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Magnesium-ibogaine therapy in veterans with traumatic brain injuries. Nature medicine Cherian, K. N., Keynan, J. N., Anker, L., Faerman, A., Brown, R. E., Shamma, A., Keynan, O., Coetzee, J. P., Batail, J., Phillips, A., Bassano, N. J., Sahlem, G. L., Inzunza, J., Millar, T., Dickinson, J., Rolle, C. E., Keller, J., Adamson, M., Kratter, I. H., Williams, N. R. 2024


Traumatic brain injury (TBI) is a leading cause of disability. Sequelae can include functional impairments and psychiatric syndromes such as post-traumatic stress disorder (PTSD), depression and anxiety. Special Operations Forces (SOF) veterans (SOVs) may be at an elevated risk for these complications, leading some to seek underexplored treatment alternatives such as the oneirogen ibogaine, a plant-derived compound known to interact with multiple neurotransmitter systems that has been studied primarily as a treatment for substance use disorders. Ibogaine has been associated with instances of fatal cardiac arrhythmia, but coadministration of magnesium may mitigate this concern. In the present study, we report a prospective observational study of the Magnesium-Ibogaine: the Stanford Traumatic Injury to the CNS protocol (MISTIC), provided together with complementary treatment modalities, in 30 male SOVs with predominantly mild TBI. We assessed changes in the World Health Organization Disability Assessment Schedule from baseline to immediately (primary outcome) and 1month (secondary outcome) after treatment. Additional secondary outcomes included changes in PTSD (Clinician-Administered PTSD Scale for DSM-5), depression (Montgomery-Asberg Depression Rating Scale) and anxiety (Hamilton Anxiety Rating Scale). MISTIC resulted in significant improvements in functioning both immediately (Pcorrected<0.001, Cohen's d=0.74) and 1month (Pcorrected< 0.001, d=2.20) after treatment and in PTSD (Pcorrected<0.001, d=2.54), depression (Pcorrected<0.001, d=2.80) and anxiety (Pcorrected<0.001, d=2.13) at 1month after treatment. There were no unexpected or serious adverse events. Controlled clinical trials to assess safety and efficacy are needed to validate these initial open-label findings. registration: NCT04313712 .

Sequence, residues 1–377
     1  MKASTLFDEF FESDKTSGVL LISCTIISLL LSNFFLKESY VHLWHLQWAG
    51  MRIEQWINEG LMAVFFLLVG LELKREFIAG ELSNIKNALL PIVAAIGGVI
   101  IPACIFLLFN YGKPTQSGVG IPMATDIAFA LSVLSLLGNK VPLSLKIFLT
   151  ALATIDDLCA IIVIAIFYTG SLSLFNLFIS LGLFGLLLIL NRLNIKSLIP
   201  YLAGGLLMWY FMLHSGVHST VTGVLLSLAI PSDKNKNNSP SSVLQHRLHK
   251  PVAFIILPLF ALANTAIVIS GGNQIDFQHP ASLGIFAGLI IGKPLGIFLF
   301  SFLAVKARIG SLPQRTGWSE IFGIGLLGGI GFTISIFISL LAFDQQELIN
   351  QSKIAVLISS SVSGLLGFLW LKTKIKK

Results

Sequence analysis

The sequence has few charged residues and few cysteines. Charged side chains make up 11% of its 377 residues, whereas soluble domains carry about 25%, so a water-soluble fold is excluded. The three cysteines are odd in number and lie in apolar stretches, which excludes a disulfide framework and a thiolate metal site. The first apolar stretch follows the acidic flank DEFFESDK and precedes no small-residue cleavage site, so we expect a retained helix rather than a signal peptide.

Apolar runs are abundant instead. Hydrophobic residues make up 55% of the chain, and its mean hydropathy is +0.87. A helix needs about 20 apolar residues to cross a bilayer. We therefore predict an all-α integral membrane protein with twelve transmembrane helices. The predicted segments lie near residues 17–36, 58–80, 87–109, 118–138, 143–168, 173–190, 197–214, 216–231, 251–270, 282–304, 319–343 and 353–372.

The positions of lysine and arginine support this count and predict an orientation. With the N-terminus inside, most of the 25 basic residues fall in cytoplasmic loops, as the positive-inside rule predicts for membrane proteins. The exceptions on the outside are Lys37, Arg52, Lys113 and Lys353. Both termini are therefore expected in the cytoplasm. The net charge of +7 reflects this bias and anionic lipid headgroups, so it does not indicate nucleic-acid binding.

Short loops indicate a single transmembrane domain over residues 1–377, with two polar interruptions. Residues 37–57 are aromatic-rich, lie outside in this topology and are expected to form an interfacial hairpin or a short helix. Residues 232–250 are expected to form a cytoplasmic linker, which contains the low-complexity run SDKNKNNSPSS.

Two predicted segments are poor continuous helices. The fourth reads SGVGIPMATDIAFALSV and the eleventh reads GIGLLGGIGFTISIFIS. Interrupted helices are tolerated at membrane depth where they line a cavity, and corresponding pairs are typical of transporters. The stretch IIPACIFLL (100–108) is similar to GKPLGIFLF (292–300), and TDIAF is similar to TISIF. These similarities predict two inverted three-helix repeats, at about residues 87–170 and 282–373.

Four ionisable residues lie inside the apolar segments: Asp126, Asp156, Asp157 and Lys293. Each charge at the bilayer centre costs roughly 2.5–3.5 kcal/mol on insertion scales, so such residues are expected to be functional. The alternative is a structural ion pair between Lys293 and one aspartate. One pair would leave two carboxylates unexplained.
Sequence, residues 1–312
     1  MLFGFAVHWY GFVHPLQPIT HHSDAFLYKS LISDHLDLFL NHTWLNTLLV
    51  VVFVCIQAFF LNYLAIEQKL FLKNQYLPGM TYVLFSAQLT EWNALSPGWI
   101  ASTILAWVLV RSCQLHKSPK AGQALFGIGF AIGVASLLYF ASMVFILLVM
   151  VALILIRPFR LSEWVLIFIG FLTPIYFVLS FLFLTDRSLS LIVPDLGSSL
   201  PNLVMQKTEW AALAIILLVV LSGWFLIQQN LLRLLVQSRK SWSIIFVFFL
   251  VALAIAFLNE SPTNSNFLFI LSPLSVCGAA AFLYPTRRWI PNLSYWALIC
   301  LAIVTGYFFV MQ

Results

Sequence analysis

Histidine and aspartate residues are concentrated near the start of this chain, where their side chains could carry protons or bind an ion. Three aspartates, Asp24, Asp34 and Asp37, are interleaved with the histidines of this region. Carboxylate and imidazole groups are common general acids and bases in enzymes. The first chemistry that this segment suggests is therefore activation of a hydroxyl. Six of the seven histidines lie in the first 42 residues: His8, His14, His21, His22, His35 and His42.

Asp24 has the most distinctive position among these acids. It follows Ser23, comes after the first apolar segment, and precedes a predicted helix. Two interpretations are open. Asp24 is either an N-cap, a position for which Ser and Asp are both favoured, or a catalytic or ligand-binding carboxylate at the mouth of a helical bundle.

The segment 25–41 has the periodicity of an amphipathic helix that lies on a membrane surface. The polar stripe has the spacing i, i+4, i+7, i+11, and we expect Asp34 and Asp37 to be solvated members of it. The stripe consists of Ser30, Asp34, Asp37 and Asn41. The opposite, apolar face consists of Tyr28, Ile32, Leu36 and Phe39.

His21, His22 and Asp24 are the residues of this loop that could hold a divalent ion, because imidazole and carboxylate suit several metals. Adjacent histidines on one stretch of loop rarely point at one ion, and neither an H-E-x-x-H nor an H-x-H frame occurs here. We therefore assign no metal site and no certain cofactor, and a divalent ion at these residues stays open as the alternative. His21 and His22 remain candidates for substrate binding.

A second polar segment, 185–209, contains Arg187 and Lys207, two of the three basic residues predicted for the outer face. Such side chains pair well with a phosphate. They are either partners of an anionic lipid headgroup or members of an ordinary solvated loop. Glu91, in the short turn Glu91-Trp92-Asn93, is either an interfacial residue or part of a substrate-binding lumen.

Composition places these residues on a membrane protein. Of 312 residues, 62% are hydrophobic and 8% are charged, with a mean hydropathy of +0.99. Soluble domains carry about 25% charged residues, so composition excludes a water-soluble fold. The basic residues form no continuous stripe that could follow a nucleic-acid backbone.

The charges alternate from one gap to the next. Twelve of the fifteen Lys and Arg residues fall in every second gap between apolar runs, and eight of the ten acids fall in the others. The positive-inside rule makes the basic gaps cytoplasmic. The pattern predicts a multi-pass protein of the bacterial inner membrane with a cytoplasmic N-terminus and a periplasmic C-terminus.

View details for DOI 10.1038/s41591-023-02705-w

View details for PubMedID 38182784